Buy older music that lasts

True to its mantra of “The Home Of Legends,” Primary Wave isn't interested in new music. It only wants music that's 20 years old or older (“That's usually our sweet spot”) because it has a proven record of staying power. Within that framework, the company is looking for a high-quality catalog that has been undervalued or left to decay by its owners.

“I'll give you a perfect example,” says Mestel. “We just closed the catalog of Neil Sedaka. One of the greatest songwriters of all time – 'Laughter In The Rain' and 'Love Will Keep Us Together' and all these great, great songs. But he hasn't gotten the attention he deserves in the last few decades. So he's the perfect type of artist for us.”

He also cites the Sun Records catalog, which Primary Wave purchased in early 2021. He says the open target was the fact that around 40% of the label's catalog had never been digitized.

“We were able to look at different platforms – technology platforms, social media platforms,” ​​he says. “Digital to me doesn't just mean streaming. Digital is the whole universe of possibilities, from social media to technology platforms that use music.”

His other major criticism of aggressive rights appropriation is that, in his view, it is wrongly designed for the short term.

“Most of our competitors are interested in generating management fees, and they're interested in a buy-and-sell strategy,” he says. “We're in the long-term management and long-term brand building of these assets. When you're in the long-term business, you have to build an infrastructure to support it. […] I don’t think many of our competitors have the resources to get into the marketing, branding and digital strategy business because they simply lack the long-term horizon.”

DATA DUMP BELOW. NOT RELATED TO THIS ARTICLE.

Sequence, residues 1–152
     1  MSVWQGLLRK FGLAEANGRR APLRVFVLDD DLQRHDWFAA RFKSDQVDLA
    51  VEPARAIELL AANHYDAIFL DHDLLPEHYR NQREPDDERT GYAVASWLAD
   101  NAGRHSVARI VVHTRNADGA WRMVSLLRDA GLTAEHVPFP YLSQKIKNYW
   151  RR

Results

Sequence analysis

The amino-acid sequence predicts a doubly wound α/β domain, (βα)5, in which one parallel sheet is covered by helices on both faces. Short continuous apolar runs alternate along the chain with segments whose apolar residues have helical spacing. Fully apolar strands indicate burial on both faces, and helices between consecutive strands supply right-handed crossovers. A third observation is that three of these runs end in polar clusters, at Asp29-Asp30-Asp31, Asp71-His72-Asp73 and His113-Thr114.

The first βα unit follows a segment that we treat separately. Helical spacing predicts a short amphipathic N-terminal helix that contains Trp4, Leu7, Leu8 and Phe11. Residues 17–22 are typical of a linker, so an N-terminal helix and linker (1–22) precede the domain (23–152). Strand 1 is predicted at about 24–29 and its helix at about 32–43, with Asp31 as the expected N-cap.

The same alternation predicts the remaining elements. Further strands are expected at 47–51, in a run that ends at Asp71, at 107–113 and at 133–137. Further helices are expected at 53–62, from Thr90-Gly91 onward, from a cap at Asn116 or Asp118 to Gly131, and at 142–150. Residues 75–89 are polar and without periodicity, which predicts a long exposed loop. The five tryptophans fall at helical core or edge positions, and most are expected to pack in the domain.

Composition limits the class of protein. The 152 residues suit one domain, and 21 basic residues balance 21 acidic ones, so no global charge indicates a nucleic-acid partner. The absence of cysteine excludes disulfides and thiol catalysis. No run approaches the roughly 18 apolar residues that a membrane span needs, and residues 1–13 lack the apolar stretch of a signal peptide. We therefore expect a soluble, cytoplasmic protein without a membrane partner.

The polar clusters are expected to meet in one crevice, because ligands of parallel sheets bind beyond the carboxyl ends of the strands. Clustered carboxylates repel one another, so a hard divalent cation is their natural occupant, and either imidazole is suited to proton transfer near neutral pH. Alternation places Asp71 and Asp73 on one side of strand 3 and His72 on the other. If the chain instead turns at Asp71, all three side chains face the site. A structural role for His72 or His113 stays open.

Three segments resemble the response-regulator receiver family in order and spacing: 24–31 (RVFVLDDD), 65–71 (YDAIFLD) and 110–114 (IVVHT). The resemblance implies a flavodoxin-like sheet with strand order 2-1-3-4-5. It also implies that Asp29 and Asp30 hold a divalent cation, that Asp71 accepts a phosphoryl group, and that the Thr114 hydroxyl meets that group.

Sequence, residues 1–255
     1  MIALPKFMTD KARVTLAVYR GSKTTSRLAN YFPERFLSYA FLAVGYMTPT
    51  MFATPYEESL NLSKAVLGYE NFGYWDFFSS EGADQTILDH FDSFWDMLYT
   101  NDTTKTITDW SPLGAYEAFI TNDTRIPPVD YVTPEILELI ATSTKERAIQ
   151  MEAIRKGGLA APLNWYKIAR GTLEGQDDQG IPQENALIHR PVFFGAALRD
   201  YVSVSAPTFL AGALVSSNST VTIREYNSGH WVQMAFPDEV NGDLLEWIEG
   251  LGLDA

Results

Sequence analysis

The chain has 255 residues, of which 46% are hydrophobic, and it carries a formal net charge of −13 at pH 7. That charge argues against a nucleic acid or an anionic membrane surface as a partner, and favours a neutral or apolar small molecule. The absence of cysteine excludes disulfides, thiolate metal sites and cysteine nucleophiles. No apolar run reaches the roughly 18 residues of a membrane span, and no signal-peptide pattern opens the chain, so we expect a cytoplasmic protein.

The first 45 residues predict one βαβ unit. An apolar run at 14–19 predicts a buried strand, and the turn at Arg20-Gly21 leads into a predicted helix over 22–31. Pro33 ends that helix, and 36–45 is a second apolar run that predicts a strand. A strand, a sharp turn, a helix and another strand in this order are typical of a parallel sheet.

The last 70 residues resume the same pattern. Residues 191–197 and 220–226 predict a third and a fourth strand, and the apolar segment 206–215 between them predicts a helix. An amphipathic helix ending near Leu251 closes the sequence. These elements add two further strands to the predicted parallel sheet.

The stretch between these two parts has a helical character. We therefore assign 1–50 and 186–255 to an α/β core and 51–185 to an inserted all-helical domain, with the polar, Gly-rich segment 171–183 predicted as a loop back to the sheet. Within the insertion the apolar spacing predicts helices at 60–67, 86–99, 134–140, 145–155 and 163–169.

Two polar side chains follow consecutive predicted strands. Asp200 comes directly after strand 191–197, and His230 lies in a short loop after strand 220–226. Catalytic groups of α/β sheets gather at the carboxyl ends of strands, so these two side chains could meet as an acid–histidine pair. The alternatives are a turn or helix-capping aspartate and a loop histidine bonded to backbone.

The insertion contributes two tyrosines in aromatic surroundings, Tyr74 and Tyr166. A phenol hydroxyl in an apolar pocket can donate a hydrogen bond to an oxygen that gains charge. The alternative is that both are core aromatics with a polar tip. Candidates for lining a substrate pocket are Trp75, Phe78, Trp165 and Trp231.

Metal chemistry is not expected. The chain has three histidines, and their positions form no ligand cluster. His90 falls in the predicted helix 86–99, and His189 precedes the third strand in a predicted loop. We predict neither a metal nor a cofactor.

There is an impatience and reluctance to invest among competitors that prevents them from taking advantage of the assets they are actually buying. He says it took four years to bring the Whitney Houston biopic to the screen and five years to open the Bob Marley Hope Road experience in Las Vegas.

“These are not the right assets to invest in in the short term,” he explains. “Our partners know that it takes years to develop these things and generate these phenomenal additional revenue streams. […] We pay a very high price for these assets. We just know how to double these assets in a short period of time and then triple or quadruple them over a longer period of time.”

Truly iconic catalogues are becoming increasingly difficult to obtain: most have already been sold, while the rest will probably never be. However, undervalued and underused catalogues are everywhere. Whether they can be revived is another question entirely. Lazarus doesn't come back to life every time.